The navigational and sensory abilities of night-migratory songbirds, travelling alone over thousands of kilometres, are absolutely staggering. The successful completion of these magnificent voyages depends crucially on the birds’ ability to sense the Earth’s magnetic field. Exactly how this magnetic sense works is one of the most significant open questions in biology and biophysics. The experimental evidence suggests something extraordinary. The birds’ magnetic compass sensor seems to rely on coherent quantum phenomena that indirectly allow magnetic interactions a million times smaller than kBT (Boltzmann’s constant multiplied by temperature) to be detected in biological tissue. QuantumBirds brings together quantum physics, spin chemistry, behavioural biology, biochemistry, and molecular biology in a unique, ambitious, imaginative and genuinely synergetic research programme that will prove whether the primary magnetic detection event occurring in the birds’ retinas involves the quantum spin dynamics of photochemically formed radical pairs in cryptochrome proteins.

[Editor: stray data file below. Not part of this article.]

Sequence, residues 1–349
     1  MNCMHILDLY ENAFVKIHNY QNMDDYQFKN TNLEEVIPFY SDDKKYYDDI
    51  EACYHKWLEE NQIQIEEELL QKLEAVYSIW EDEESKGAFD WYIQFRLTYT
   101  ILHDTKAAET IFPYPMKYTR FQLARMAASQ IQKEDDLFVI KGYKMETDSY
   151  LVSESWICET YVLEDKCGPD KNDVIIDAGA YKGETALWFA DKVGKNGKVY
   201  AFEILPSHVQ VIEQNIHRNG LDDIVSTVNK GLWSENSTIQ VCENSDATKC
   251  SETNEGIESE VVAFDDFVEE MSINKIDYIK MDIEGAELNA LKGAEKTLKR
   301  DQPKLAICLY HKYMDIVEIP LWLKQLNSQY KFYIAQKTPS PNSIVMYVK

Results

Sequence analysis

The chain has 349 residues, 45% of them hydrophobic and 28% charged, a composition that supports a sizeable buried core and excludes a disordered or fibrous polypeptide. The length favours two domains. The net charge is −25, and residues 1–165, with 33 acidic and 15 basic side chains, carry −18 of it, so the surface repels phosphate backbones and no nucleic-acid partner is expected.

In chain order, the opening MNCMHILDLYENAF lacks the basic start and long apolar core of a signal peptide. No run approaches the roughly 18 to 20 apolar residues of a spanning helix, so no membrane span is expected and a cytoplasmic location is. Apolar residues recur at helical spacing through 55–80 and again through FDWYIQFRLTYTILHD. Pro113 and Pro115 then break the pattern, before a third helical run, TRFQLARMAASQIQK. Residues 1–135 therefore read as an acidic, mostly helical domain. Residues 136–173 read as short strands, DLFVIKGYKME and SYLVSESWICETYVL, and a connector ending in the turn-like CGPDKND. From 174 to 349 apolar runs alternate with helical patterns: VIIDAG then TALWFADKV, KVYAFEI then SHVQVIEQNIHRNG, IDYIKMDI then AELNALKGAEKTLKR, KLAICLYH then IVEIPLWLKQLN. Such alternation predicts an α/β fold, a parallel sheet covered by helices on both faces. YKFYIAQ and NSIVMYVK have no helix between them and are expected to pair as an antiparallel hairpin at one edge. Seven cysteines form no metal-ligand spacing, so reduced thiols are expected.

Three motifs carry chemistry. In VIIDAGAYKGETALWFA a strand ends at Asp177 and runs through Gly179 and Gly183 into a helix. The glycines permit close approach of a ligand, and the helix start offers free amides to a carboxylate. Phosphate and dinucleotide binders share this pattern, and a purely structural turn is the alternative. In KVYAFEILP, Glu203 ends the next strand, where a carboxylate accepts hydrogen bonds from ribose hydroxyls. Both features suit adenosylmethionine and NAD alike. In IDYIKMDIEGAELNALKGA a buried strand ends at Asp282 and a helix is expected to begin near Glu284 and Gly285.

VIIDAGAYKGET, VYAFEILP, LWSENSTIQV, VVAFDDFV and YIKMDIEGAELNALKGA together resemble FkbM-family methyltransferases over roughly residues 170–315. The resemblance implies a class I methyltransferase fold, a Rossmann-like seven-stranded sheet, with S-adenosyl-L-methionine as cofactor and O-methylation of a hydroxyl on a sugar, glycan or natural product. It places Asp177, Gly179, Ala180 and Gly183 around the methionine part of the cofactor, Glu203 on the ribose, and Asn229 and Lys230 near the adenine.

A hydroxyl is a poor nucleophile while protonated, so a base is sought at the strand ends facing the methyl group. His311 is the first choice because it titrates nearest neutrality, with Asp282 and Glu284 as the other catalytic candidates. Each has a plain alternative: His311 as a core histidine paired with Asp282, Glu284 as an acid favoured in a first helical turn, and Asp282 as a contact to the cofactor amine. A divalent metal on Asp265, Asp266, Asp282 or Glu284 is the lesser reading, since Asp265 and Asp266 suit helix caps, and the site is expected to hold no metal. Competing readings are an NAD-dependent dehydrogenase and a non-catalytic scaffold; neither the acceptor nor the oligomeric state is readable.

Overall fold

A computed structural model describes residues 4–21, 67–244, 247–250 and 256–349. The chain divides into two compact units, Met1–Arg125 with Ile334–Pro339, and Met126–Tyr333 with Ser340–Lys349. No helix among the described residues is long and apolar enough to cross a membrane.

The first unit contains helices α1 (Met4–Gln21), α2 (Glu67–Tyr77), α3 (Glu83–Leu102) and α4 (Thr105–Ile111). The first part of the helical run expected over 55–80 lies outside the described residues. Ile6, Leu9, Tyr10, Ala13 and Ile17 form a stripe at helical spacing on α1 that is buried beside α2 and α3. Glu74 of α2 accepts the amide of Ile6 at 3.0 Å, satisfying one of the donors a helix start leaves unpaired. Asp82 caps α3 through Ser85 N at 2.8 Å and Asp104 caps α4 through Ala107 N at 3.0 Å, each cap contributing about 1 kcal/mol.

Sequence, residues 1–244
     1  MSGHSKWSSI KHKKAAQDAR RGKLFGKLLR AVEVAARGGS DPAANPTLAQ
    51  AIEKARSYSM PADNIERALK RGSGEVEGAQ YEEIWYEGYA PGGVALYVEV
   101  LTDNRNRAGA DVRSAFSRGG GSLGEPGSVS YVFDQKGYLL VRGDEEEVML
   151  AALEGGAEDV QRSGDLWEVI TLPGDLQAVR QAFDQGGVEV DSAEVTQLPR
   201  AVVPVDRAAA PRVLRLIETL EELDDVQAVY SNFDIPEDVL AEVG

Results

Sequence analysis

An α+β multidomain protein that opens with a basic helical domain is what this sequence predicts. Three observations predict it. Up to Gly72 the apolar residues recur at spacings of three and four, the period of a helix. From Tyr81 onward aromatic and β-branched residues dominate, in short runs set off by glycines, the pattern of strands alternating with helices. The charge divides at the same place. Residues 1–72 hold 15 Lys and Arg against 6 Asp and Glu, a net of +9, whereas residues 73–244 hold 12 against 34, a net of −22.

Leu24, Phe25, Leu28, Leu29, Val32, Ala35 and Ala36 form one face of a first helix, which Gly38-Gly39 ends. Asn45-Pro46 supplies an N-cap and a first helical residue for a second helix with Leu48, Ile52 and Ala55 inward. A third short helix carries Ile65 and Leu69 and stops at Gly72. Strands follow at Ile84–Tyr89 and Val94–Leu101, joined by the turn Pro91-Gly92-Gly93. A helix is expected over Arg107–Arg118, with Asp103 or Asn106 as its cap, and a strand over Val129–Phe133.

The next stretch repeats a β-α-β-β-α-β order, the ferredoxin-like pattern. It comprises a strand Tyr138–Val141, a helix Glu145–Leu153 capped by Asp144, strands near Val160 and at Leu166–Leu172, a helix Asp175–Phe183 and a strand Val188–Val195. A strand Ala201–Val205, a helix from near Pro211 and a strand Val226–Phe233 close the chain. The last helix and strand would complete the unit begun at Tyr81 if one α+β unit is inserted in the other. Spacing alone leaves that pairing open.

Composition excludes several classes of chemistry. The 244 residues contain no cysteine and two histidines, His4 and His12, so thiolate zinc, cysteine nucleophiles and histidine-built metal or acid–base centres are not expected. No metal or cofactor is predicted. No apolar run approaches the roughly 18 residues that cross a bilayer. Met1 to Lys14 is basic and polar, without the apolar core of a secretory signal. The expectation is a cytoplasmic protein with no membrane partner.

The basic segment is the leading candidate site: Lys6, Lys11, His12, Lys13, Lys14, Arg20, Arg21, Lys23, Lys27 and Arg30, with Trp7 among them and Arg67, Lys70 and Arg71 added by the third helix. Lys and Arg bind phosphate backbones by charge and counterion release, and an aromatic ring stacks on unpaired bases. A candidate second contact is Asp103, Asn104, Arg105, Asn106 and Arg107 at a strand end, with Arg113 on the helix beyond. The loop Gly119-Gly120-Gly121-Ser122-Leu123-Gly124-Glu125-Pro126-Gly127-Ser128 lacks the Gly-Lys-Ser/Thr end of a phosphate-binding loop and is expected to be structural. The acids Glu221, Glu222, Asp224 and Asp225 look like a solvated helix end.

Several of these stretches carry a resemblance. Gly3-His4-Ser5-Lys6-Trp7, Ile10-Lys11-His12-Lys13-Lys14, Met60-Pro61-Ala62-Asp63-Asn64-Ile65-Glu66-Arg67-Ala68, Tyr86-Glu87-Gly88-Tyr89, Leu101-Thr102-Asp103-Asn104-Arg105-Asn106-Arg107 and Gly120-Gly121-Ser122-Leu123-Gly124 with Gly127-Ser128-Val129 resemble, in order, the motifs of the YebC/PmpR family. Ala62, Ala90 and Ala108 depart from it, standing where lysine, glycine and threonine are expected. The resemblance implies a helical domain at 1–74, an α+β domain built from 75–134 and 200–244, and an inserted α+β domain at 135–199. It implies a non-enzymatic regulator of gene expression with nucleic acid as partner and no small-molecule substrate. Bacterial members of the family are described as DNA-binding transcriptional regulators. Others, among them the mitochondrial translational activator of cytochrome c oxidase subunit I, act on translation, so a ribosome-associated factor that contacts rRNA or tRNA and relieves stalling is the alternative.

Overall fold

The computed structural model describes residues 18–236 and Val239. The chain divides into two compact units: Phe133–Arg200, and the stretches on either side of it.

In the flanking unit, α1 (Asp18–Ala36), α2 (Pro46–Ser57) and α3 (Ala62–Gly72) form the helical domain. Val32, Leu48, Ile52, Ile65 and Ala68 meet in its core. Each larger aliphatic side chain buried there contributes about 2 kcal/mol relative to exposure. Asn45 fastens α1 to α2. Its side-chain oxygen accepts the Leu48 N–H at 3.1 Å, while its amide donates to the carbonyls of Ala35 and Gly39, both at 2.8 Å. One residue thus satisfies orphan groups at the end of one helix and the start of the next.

We will address three specific questions:
1. Are avian cryptochromes capable of functioning as magnetic compass receptors?
2. Do retinal neurons encode light-dependent, cryptochrome-derived magnetic information?
3. Are cryptochromes the primary magnetoreceptor molecules for magnetic compass orientation?
Success in this endeavour will: (a) revolutionise our understanding of magnetoreception, the least understood of all biological senses; (b) firmly establish the emerging field of “Quantum Biology” and thereby reduce by six orders of magnitude the threshold for sensory detection of weak stimuli in biological systems; (c) prepare the ground for the development of a novel and powerful range of bio-inspired magnetic sensing devices; and (d) provide insights that could be applied in quantum computing and guide research into the potential effects of weak anthropogenic electromagnetic fields on human health.
Fields of science
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